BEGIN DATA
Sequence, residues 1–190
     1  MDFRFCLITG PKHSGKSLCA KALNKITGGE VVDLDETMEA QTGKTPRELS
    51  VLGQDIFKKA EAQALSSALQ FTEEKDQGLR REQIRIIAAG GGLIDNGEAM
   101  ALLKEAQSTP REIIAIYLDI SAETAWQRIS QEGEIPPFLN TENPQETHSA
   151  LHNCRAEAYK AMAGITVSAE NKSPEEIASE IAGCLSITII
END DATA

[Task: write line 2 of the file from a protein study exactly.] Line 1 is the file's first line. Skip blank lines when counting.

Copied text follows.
     1  MDFRFCLITG PKHSGKSLCA KALNKITGGE VVDLDETMEA QTGKTPRELS